Turn Down the Noise!. Team Taylor Audrey McFarland, Alicia Lamarche, Ben Jones, Skylar Flynn, Joshua Buckland, Joshua Gural, Nathan Tehrani (Mentor). The Project
Audrey McFarland, Alicia Lamarche,
Ben Jones, Skylar Flynn, Joshua Buckland,
Joshua Gural, Nathan Tehrani (Mentor)
The project consisted of analyzing data collected by the Robert C. Byrd Green Bank Telescope (GBT) in 2007 during repairs. After reviewing potential and known pulsars, we used the GBT to observe these pulsars further.
More About Pulsars
A neutron star is the core of an exploded red giant. Pulsars are special types of neutron stars that emit radio waves while spinning, much in the same way as a lighthouse. These pulsars are about the size of a large city, but their masses are slightly more than that of the sun.
RFI and Noise
Radio Frequency Interference (RFI) is a man-made signal that interferes with a radio signal being received from space. Noise is random, weak signals picked up from space because of the sensitivity of the Robert C. Byrd Green Bank Telescope.
A prep-fold plot shows collected data averaged together by the Green Bank Ultimate Pulsar Processing Instrument (GUPPI). It shows multiple pulses in a short amount of space, making them extremely useful in pulsar research.
Check the integrated profile for visible peaks in the data.
Check the Dispersion Measure (DM) plot for a “bell-shaped” curve or a sharp peak.
Check the Sub-Integration plot for well defined vertical lines.
Check the sub-band plot for broadband frequencies.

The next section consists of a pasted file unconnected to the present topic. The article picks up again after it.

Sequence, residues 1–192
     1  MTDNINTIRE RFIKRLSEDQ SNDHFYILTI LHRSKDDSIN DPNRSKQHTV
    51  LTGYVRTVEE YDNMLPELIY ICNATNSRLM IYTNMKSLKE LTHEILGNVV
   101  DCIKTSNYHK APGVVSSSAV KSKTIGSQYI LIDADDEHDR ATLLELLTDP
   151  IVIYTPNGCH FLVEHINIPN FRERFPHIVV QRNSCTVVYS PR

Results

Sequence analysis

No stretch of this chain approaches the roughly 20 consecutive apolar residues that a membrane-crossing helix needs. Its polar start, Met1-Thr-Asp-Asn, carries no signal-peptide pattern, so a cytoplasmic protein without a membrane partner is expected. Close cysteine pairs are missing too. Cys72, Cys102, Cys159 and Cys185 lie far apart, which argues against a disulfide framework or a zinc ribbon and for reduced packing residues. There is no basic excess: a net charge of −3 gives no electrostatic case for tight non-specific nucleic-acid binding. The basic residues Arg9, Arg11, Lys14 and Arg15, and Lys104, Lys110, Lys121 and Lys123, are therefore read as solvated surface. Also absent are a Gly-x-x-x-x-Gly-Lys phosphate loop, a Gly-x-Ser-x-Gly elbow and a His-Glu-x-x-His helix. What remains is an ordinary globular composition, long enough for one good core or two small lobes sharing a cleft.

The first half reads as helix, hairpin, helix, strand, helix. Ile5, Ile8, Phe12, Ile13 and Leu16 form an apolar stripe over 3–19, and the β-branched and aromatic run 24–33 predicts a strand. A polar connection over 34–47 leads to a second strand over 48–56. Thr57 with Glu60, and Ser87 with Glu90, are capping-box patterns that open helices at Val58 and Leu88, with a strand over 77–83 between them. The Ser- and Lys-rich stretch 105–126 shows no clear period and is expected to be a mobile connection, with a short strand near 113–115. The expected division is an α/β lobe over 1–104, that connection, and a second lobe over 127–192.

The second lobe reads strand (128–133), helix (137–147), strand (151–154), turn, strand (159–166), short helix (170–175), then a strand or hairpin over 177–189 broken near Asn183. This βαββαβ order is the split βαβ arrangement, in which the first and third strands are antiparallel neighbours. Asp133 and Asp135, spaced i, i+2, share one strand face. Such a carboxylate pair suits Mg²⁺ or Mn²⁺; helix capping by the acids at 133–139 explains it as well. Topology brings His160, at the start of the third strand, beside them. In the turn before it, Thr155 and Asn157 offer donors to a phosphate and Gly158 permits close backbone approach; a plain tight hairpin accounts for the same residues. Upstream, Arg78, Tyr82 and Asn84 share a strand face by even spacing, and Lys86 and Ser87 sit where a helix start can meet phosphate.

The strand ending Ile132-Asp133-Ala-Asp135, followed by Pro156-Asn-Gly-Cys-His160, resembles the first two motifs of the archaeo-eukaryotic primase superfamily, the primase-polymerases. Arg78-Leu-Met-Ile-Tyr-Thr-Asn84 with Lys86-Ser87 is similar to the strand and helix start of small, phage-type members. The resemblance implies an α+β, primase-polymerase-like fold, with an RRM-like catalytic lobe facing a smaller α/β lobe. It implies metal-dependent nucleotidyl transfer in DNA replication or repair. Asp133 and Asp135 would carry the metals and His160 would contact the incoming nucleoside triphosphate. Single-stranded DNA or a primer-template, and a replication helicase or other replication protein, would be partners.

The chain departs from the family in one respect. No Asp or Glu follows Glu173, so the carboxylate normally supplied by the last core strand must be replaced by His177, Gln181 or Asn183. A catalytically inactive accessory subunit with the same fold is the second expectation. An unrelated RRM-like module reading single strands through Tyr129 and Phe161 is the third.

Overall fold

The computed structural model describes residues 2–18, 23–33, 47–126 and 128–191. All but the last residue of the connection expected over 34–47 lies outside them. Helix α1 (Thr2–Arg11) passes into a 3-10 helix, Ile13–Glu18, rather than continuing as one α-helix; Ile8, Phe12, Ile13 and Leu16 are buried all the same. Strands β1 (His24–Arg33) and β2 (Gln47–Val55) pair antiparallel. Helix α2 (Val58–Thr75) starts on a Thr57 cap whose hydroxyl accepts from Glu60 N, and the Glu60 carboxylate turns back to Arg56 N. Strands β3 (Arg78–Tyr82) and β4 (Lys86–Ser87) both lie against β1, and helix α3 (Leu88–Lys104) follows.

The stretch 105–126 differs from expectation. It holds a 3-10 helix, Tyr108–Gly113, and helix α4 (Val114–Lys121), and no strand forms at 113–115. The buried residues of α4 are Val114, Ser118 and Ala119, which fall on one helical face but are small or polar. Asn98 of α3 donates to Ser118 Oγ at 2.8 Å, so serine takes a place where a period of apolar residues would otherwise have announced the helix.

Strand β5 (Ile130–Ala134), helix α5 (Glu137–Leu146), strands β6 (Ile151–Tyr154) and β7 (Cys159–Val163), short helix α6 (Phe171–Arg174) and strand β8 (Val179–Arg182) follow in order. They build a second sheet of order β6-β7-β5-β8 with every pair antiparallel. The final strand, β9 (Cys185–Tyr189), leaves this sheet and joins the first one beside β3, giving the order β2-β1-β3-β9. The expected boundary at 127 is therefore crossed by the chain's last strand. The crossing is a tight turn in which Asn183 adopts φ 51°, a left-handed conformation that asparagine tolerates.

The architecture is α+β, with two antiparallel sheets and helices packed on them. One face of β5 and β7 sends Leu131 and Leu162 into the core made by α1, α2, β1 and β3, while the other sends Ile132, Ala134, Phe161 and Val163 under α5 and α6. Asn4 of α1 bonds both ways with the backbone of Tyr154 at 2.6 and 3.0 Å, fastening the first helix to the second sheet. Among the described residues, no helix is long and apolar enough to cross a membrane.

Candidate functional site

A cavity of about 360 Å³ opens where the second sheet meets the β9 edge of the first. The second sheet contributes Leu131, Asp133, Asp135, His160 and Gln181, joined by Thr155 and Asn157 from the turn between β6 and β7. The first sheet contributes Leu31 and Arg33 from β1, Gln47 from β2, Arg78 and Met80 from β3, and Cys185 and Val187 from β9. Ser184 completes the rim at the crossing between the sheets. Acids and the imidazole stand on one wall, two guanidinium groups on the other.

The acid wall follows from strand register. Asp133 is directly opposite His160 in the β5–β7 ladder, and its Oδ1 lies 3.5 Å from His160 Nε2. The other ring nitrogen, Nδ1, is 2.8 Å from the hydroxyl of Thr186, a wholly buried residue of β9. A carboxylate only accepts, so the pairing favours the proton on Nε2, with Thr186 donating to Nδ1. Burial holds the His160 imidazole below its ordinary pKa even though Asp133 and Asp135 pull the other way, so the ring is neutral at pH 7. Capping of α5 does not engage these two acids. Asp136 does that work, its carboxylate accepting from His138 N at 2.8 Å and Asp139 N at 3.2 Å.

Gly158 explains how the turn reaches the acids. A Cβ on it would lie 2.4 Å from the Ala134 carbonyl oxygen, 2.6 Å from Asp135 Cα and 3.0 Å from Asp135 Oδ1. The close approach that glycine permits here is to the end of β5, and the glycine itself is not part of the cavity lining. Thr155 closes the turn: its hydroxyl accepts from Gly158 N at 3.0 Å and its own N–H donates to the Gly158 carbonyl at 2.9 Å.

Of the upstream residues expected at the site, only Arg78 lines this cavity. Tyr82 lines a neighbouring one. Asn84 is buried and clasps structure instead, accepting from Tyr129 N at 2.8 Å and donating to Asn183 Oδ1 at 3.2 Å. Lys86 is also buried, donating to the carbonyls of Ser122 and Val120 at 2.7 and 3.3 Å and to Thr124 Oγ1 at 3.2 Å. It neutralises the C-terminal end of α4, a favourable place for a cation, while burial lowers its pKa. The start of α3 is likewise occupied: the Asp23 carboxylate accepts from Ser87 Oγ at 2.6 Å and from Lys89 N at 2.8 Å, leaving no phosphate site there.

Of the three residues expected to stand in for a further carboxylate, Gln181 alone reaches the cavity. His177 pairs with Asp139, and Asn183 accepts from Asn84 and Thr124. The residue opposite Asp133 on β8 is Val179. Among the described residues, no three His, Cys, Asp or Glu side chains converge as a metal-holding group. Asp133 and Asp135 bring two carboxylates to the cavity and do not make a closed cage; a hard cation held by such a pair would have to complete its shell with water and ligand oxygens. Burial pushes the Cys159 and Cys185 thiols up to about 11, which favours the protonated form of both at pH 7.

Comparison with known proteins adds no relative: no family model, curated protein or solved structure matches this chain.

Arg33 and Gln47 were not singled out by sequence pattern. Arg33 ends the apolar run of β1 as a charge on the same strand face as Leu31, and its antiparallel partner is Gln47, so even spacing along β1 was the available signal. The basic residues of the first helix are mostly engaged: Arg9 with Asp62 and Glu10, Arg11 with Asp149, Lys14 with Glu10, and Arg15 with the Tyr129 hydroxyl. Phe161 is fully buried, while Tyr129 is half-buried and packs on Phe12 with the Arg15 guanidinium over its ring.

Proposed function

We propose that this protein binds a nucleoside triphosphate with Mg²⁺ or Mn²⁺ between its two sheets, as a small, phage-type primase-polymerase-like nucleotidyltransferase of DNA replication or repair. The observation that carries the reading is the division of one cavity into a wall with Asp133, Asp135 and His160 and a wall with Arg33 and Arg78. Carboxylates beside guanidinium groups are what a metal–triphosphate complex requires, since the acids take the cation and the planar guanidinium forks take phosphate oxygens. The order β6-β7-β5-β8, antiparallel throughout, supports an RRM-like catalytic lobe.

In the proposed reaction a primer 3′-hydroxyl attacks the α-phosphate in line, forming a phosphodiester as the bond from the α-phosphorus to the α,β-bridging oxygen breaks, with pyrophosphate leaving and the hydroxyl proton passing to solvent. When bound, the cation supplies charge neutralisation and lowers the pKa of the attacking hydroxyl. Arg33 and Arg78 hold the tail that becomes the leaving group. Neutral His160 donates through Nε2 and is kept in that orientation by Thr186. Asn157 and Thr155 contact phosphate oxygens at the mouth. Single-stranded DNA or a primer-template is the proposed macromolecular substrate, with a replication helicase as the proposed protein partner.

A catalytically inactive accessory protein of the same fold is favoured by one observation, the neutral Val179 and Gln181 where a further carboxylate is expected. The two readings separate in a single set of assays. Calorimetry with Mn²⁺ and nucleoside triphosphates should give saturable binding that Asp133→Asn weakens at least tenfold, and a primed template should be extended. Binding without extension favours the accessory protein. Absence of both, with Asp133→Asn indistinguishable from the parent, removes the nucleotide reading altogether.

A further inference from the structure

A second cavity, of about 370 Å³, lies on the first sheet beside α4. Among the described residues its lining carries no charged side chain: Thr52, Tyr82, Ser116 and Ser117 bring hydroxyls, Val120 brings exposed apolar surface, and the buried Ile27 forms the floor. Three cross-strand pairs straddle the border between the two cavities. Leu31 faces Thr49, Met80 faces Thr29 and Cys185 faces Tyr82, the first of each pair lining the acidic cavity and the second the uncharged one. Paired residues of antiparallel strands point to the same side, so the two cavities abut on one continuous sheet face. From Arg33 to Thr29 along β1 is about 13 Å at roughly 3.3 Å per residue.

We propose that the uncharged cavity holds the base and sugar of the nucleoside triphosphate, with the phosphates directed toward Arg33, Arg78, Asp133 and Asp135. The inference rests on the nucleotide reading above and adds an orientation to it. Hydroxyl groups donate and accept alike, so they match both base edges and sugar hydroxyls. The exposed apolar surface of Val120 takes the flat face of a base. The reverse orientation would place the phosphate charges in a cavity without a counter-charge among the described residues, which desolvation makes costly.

Make sure the reduced χ² (chi squared) value is within range.
Check for known pulsars in the pulsar database. (Not Shown)
A prep-fold plot showing noise.
An artist’s impression of a pulsar.
The diagonal cones represent the the magnetic poles of the pulsar emitting radiation. The green ovals are the magnetic fields encompassing the pulsar. It rotates on its rotation axis, which is the vertical line. The spinning causes the radiation to pass by at periodic intervals, much like a lighthouse.
After sifting through piles of prep-fold plots, we found two known pulsars to observe during an hour long observation with the Robert C. Byrd Green Bank Telescope. This observation time allowed us to have a better look at the pulsars we found in older plots. Comparing the old data to the new data helped reveal more information about the pulsars.
Front Row: Joshua Buckland
Second Row: (left to right) Nathan Tehrani, Ben Jones, Audrey McFarland, Joshua Gural, Skylar Flynn, and Alicia Lamarche
A prep-fold plot of a known pulsar.